Address: The Caves QLD 4702
Phone: 1300 130 372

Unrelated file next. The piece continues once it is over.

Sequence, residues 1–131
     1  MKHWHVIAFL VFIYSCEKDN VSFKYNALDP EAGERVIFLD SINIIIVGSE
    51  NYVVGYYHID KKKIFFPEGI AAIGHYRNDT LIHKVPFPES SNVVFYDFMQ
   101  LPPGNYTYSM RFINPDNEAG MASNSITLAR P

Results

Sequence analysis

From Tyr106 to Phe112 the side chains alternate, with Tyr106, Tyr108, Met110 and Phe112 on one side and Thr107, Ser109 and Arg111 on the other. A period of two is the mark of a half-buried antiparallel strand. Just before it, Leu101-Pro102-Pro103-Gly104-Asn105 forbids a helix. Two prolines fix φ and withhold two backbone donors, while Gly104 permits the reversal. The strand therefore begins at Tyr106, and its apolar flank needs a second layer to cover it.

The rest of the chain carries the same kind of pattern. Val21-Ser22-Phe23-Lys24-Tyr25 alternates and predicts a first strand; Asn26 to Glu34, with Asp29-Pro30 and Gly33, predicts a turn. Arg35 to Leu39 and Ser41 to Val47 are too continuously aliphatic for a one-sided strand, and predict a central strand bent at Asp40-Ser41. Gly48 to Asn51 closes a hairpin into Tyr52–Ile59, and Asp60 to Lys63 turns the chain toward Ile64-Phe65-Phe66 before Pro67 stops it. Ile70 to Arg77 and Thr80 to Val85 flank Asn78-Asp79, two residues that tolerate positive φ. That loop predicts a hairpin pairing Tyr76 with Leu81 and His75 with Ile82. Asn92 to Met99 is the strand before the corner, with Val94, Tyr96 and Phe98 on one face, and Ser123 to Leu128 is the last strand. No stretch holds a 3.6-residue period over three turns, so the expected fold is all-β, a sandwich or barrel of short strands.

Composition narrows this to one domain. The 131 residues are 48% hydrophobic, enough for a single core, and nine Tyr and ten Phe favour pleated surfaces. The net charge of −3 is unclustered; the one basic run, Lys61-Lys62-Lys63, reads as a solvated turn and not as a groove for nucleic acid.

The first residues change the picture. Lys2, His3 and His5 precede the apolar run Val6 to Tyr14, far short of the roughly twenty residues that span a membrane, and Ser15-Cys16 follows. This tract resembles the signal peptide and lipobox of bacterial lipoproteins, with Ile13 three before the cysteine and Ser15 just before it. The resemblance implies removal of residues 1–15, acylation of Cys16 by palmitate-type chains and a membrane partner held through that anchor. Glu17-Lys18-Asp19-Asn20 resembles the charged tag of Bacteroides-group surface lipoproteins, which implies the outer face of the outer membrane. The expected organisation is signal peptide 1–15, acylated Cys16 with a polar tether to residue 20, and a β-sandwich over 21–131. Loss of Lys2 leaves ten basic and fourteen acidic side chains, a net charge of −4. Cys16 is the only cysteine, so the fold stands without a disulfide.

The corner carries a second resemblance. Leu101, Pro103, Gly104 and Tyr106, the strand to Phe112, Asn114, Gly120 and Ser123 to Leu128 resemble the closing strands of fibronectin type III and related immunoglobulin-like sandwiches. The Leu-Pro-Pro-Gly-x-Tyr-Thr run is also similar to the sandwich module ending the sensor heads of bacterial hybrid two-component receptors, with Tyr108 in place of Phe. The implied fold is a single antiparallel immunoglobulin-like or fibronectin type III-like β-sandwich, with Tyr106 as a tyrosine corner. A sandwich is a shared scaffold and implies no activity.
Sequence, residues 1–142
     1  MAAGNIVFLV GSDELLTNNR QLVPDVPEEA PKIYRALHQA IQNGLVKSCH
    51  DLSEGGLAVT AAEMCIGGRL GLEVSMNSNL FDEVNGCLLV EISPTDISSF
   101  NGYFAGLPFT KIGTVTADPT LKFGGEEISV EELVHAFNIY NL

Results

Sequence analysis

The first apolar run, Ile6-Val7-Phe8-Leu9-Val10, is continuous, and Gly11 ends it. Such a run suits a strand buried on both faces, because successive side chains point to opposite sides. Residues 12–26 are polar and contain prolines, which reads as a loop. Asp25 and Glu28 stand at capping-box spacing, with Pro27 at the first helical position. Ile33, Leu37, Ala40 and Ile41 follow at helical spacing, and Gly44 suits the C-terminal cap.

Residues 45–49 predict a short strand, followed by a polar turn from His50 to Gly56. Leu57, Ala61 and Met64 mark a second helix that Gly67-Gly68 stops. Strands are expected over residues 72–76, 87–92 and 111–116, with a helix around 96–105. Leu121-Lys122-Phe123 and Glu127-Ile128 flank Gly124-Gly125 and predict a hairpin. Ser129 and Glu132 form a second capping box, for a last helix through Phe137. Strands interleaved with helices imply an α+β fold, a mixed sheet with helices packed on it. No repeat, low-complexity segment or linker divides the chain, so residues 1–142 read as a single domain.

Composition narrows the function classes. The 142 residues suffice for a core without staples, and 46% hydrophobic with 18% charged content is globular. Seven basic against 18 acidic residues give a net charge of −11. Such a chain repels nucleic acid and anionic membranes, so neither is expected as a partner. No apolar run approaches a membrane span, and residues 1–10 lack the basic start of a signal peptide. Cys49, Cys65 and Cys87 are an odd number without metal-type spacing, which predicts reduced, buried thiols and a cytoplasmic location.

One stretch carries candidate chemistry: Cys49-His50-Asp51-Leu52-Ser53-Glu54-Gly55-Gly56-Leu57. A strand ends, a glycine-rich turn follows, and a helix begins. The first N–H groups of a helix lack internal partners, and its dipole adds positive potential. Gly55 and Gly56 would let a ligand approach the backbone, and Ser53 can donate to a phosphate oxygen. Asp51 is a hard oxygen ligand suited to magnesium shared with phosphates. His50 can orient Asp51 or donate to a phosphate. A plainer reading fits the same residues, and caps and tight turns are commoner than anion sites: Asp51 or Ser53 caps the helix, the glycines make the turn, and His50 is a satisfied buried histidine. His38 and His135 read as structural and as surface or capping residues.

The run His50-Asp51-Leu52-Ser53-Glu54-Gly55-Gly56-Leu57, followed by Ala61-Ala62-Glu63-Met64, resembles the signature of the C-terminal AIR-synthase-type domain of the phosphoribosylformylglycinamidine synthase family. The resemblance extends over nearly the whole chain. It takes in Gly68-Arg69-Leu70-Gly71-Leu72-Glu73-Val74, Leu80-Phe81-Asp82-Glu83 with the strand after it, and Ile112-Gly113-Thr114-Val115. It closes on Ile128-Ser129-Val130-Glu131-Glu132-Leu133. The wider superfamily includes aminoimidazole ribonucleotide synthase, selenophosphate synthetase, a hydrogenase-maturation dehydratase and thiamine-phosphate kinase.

Approximately 26kms north of Rockhampton. Limestone outcrops, decorated caves, rare bats and dry rainforest patches are now protected in a national park that once was the site of Australia’s longest running conservation battle. Limestone outcrops and dense, decorated caves are protected in Mount Etna Caves National Park. Mount Etna is the roosting site for more than 80 percent of Australia’s breeding population of little bent-wing bats. It is also one of the few places in Australia supporting a colony of the endangered ghost bat. The Archer Brothers, who settled in the Rockhampton area in the 1850s, named Mount Etna after the volcano in Sicily. From 1914 to 1939, the caves were mined for guano, a natural fertiliser, and from 1925 for limestone. During World War II, commandos trained here. The park was established in 1975 to protect the caves, and a subsequent campaign to save other caves included the protection of Mount Etna. The park was once submerged by a shallow sea and has been alternately shaped by, and then starved of, water. Limestone from ancient coral reefs formed the rocky karst seen today. As Mount Etna’s landscape has evolved, so too have people’s attitudes towards the mountain. Once the focus of Australia’s longest conservation dispute, Mount Etna Caves National Park now protects the mountain for future generations.